A simulation perspective on supporting GPS modernization

June 6, 2023  - By

Q & A with Roger Hart, Director of Engineering, Spirent Federal Systems. Read more from this cover story here

Why do you see the need to modernize GPS?

For many lay users, global navigation satellite systems (GNSS) are simply there, reliably guiding them and their systems to do the right thing in the right place at the right time. But with its vulnerabilities, we cannot take GNSS — GPS specifically — for granted, and it cannot remain static. Its ubiquity in commercial and defense applications demands ongoing improvements to signal quality, diversity, availability, and assurance. The GNSS signal space is increasingly contested, navigation warfare is common, and the risk to civilians and warfighters increases. For those of us focused on defense, we see the growing array of threats steadily ticking upward in novelty and number.

We applaud the ongoing efforts by the U.S. Space Force and Air Force to modernize the GPS space segment, control segment, and user equipment. GPS-contested and -denied environments are here to stay, so we must hone GPS as a tool for both the military and civil user.

Spirent’s flexible SDR-based GSS9000 Simulator supports GPS modernization efforts. (Image: Spirent Federal Systems)

Spirent’s flexible SDR-based GSS9000 Simulator supports
GPS modernization efforts. (Image: Spirent Federal Systems)

How is Spirent Federal supporting modernization efforts?

In short, by providing deterministic simulation for future signals and capabilities not yet in theater. Regional Military Protection (RMP) is a recent example. RMP is a nascent anti-jamming capability that will be available on GPS III Follow On (GPS IIIF) satellites. RMP provides military users with a steerable, narrow-beam M-code signal that greatly amplifies the power over a defined geographical area. According to the GPS IIIF satellite manufacturer, Lockheed Martin, RMP can provide up to 60 times greater anti-jamming support. This allows U.S. and allied forces to operate with accuracy and resilience much closer to interfering sources than with legacy signals. GPSIIIF satellites with RMP are in production, and the latest publicly forecasted launch date is FY2027. With Spirent’s software-defined-radio-based simulator’s ability to support RMP simulation, modernized GPS user equipment (MGUE) can be tested and integrated with RMP early in the design phase before live-sky signals are available. Adaptive antennas, other constellations, encrypted signals, and non-RF sensors can also be tested with RMP. Coupled with this, the ability to simulate a wide range of edge cases during development enables superior performance in the real world.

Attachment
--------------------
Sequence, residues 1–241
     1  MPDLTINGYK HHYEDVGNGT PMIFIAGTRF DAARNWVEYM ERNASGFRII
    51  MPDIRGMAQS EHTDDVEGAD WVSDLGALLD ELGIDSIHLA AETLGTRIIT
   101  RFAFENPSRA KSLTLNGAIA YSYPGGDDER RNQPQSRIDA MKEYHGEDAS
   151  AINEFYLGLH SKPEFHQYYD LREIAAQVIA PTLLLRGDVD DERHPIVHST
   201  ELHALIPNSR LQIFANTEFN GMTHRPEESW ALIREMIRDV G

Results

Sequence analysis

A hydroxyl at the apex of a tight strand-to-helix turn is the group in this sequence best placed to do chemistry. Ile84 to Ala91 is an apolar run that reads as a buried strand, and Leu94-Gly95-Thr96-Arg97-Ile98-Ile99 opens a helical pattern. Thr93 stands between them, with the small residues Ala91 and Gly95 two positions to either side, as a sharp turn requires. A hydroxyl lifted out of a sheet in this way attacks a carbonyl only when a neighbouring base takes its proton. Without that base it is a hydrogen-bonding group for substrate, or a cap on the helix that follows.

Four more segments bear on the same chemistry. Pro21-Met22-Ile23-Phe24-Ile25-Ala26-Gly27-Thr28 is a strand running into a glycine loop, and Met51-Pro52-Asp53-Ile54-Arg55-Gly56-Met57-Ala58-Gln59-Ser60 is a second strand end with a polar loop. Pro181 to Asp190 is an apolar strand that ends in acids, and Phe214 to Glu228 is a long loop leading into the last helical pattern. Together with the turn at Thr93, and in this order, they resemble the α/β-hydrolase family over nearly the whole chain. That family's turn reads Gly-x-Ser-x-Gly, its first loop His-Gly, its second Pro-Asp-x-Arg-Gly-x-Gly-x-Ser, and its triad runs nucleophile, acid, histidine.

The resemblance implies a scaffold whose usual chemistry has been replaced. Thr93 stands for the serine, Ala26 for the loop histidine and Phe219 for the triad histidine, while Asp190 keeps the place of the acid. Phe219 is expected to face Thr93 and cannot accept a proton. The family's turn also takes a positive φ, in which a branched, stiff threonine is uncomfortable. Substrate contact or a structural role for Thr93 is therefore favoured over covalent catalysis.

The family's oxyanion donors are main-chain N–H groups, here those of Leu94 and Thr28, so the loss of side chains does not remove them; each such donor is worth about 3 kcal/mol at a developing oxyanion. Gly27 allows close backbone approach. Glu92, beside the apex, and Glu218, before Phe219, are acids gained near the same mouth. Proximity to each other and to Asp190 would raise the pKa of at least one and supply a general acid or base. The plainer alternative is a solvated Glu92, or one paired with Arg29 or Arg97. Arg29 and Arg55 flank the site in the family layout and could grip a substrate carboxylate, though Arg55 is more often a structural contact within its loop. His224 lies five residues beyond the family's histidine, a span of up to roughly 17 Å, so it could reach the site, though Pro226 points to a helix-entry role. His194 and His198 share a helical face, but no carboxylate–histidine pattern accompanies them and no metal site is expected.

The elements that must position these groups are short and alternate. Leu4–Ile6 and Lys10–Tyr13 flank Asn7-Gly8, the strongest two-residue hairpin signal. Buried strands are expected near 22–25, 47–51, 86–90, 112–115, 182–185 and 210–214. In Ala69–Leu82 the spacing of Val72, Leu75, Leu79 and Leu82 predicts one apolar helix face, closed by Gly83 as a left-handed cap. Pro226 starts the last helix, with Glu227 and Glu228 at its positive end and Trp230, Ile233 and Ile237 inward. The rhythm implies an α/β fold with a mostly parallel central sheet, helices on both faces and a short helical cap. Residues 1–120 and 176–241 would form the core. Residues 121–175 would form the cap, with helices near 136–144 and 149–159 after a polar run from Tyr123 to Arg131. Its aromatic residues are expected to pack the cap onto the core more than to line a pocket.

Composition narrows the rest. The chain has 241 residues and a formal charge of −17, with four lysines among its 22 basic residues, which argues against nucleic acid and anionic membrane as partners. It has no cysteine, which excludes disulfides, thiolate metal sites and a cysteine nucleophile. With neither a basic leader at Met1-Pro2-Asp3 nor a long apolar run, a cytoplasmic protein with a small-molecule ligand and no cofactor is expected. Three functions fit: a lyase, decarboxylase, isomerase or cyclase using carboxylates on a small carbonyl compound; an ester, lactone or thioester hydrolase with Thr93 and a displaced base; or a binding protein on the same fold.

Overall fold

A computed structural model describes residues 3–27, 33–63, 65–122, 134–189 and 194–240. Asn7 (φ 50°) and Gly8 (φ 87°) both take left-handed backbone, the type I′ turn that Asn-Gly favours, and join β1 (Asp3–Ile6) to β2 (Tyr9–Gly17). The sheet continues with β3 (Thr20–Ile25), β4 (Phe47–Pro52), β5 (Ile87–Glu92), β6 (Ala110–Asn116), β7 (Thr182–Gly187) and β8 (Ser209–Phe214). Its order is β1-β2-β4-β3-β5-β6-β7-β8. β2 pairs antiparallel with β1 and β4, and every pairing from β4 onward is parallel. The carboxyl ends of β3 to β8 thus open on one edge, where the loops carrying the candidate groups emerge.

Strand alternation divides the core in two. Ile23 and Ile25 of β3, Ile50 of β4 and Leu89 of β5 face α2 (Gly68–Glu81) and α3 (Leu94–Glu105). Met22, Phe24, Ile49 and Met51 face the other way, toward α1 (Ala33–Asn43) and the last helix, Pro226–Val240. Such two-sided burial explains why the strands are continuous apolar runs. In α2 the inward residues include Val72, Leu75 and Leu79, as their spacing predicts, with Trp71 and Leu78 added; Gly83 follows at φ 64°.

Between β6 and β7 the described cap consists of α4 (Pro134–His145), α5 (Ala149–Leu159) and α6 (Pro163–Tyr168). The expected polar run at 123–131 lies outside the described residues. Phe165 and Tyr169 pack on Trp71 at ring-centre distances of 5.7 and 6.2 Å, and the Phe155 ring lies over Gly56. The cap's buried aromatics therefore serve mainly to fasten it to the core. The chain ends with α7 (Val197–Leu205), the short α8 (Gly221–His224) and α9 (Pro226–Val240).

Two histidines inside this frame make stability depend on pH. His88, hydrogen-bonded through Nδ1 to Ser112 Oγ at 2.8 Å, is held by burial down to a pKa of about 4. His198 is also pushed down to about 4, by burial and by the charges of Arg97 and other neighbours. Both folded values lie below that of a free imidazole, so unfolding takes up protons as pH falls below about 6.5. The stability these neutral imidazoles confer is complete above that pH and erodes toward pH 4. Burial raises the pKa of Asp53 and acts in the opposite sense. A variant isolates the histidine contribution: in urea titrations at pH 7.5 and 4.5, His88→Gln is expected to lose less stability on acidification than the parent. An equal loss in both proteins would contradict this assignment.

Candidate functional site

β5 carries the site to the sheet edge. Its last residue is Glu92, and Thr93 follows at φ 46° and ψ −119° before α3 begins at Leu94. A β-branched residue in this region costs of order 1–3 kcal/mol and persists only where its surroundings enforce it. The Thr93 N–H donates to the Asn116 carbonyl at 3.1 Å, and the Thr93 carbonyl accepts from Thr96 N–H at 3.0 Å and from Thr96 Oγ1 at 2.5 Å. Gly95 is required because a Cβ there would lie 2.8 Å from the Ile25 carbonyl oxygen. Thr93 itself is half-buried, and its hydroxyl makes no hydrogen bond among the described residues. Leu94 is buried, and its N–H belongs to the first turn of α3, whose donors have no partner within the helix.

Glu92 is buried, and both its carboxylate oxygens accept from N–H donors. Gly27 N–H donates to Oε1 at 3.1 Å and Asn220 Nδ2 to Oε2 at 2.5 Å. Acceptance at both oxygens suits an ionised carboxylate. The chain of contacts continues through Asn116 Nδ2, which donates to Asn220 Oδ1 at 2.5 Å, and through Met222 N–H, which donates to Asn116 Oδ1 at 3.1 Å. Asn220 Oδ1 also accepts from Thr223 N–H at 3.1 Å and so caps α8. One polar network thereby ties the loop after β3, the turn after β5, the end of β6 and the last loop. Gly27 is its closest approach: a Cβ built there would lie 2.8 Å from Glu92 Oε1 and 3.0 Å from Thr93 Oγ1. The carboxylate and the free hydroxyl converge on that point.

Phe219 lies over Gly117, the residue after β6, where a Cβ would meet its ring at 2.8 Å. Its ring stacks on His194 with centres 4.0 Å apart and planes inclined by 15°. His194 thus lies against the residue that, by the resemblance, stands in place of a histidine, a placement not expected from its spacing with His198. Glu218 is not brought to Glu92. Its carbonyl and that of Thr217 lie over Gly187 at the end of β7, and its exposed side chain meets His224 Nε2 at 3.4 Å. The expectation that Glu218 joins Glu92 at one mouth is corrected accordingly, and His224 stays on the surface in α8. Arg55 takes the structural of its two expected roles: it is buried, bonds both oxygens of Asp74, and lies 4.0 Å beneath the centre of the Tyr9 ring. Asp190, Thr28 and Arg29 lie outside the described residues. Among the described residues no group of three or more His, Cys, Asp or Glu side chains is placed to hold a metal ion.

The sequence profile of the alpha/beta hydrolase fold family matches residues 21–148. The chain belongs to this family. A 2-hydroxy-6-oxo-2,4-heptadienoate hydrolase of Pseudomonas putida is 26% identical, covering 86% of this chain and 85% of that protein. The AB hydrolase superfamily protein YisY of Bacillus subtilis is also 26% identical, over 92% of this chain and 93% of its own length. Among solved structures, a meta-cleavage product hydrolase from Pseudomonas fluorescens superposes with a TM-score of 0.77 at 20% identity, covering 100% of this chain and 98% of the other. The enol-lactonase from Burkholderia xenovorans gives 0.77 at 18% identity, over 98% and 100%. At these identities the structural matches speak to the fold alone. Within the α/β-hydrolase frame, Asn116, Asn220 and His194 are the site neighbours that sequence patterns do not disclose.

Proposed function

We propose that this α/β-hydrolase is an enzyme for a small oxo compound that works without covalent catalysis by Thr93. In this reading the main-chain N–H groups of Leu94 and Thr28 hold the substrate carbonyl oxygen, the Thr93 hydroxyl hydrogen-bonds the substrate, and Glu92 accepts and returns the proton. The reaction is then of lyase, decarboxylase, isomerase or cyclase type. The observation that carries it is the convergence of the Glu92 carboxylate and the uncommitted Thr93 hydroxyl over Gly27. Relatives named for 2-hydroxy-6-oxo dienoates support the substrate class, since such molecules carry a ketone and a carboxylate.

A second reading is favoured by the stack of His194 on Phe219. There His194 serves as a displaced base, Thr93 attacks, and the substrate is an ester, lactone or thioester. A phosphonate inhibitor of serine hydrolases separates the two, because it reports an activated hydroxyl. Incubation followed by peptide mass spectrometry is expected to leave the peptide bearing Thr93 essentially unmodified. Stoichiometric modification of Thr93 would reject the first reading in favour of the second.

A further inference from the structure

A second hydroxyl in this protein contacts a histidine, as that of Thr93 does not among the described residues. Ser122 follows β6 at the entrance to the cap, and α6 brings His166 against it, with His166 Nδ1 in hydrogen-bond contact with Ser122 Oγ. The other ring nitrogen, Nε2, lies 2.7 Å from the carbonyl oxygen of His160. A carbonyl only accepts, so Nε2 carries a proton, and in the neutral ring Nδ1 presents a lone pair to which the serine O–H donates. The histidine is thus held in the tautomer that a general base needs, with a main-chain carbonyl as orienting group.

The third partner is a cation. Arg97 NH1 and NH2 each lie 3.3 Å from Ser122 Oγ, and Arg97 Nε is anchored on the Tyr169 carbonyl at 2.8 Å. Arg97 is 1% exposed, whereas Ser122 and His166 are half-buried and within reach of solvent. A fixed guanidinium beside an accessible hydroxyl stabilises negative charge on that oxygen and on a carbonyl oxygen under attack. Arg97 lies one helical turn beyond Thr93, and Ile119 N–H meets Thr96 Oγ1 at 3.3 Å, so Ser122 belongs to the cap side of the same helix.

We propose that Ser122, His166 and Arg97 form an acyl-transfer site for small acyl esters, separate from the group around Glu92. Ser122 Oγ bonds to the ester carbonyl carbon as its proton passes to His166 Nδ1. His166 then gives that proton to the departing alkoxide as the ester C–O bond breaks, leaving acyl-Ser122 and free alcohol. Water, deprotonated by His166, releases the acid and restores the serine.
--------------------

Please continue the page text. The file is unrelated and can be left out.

Image: U.S. Space Force

Image: U.S. Space Force

And beyond RMP?

Low-Earth-orbit (LEO) constellations have been a focus for several years as we look to next-generation alternative positioning, navigation and timing (PNT) methods to complement GPS. We have developed LEO simulators for both the military and commercial sectors, including modeling tools that simplify the generation of large LEO constellations with high-fidelity orbital dynamics, delivering greater realism for applications that have no margin for error.

As GPS modernizes, there is a growing movement toward software-defined radio (SDR) architectures for both receivers and transmitters. Flexible SDR-based simulation encourages experimentation: on the same platform, applications can range from standard GNSS signals to entirely new constellations and RF modulations, including interference threats. Simulation of RF signals can be done in concert with inertial and other non-RF sensors, and deterministic architecture ensures that performance is maintained.

Another focus is on spoofing — creating tools to support defense in their efforts to harden GPS. One of the latest technological advancements in simulation is an “augmented reality” range capability: the device under test (DUT) on a moving aircraft or land vehicle is attached to a portable simulator. The DUT receives live-sky signals from the antenna on the vehicle but also receives additional spoofed signals injected by the live-sky-synced simulator.* The DUT’s resilience to the spoofed signals can then be analyzed and hardened against future spoofing attempts. Without the difficulties of setting up an open-air test, the real-world dynamics are employed in the test, heightening realism — and the simulated signals augment it.

*It is the sole responsibility of the user to obtain appropriate permits.

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About the Author: Matteo Luccio

Matteo Luccio, GPS World’s Editor-in-Chief, possesses more than 20 years of experience as a writer and editor for GNSS and geospatial technology magazines. He began his career in the industry in 2000, serving as managing editor of GPS World and Galileo’s World, then as editor of Earth Observation Magazine and GIS Monitor. His technical articles have been published in more than 20 professional magazines, including Professional Surveyor Magazine, Apogeo Spatial and xyHt. Luccio holds a master’s degree in political science from MIT. He can be reached at mluccio@northcoastmedia.net or 541-543-0525.